Newfoundland Capital shifts to broadcast

The owner of 15 community newspapers in Newfoundland has announced an ambitious plan to reinvent itself into a corporation focused on broadcasting.

Newfoundland Capital Corp. told shareholders at its May 2 annual meeting in Halifax that it would cease being a conglomerate, with holdings in printing, publishing through its Robison-Blackmore division, and concentrate on the radio sector across the country.

In the past, the corporation has had holdings in transportation, hotels and a host of other sectors. Under CEO and Chairman Harry Steele, the company has slowly been divesting all but its media properties.

Newfoundland Capital already owns 55 radio stations in Newfoundland, Alberta, Nova Scotia and in Ottawa. Mr. Steele indicated that funds raised through the sale of print assets could be used to pay down debt or to acquire additional radio stations.

According to Mr. Steele, the move to broadcasting will improve market valuation of the company because radio stations trade at higher multiples than other sectors. At the same meeting, Mr. Steele announced that he is giving up the title CEO to his son Rob Steele. Mr. Steele senior will retain the position of Chair. This latest announcement adds more fuel to speculation that the newspaper landscape in Atlantic Canada is set to change drastically over the coming weeks and months.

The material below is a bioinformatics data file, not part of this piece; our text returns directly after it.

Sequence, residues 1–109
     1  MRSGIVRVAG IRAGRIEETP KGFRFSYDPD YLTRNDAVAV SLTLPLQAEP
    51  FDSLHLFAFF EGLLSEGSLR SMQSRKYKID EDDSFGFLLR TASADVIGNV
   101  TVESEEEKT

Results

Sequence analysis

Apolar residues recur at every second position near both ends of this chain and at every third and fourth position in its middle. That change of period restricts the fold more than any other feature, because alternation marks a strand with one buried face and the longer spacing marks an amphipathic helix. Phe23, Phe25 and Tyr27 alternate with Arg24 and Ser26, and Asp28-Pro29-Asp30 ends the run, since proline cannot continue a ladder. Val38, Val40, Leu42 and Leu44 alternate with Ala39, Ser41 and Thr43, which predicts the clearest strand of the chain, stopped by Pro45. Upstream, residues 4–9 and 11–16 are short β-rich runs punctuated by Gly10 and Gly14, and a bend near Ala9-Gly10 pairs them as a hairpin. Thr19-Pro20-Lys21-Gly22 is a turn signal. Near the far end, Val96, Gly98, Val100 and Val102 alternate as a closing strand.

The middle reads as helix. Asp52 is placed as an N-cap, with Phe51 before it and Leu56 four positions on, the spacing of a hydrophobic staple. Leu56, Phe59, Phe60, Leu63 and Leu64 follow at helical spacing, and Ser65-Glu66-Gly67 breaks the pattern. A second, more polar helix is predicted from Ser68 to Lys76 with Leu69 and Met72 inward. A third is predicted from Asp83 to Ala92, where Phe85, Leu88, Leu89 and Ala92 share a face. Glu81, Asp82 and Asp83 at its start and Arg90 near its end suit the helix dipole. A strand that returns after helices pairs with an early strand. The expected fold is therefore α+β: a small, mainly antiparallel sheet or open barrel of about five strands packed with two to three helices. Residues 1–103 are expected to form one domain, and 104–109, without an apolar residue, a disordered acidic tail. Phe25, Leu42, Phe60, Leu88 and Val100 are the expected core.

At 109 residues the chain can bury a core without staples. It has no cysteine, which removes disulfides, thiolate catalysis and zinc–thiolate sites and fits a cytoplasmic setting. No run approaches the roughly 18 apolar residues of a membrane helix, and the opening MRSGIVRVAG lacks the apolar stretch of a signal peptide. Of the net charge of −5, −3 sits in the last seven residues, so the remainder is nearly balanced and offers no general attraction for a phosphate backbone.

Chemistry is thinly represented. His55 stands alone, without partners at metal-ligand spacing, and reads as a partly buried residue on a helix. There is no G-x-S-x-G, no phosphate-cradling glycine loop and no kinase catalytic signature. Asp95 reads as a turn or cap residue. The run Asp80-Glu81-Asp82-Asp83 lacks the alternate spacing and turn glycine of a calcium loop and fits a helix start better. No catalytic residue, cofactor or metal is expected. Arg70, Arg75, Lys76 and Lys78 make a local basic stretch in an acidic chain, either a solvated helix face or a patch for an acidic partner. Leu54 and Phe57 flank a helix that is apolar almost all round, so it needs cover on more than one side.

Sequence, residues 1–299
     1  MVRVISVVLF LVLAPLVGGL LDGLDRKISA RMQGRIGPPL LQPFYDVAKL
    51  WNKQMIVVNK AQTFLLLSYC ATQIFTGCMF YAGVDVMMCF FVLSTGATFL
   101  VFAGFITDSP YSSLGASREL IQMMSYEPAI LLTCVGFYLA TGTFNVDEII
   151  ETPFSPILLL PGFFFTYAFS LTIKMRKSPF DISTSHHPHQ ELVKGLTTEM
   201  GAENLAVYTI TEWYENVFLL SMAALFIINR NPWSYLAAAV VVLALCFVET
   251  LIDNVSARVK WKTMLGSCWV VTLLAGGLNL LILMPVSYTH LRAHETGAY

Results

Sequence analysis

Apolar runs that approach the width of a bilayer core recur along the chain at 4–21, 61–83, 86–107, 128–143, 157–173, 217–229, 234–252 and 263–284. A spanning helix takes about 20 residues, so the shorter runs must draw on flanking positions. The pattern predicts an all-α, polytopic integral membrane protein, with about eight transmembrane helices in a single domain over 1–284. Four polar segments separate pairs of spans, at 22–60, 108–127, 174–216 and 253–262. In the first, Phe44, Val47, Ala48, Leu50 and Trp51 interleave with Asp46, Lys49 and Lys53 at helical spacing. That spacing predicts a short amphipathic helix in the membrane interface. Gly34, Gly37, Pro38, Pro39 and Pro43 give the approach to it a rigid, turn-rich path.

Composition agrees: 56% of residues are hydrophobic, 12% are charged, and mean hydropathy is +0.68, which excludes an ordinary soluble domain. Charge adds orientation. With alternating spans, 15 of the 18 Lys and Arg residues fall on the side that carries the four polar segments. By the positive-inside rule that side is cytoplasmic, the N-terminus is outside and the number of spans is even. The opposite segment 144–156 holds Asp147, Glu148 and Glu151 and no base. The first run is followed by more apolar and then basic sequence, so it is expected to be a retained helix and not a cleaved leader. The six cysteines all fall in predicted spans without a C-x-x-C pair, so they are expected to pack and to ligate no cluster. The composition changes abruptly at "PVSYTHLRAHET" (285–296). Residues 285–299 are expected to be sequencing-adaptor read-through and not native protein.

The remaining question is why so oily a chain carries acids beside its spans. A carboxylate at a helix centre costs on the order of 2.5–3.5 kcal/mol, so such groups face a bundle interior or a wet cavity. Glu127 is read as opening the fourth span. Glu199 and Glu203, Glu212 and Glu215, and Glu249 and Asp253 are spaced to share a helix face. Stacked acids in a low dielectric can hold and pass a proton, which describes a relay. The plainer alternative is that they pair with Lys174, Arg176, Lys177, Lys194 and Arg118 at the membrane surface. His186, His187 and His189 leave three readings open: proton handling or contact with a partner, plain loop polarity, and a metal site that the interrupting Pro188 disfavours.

The Irving family is actively pursuing community newspapers in its home province of New Brunswick after an earlier purchase of an equity position in the Miramichi Leader from owner David Cadogan. It is also thought that the Irvings are investigating the purchase of regional dailies currently owned by CanWest Global.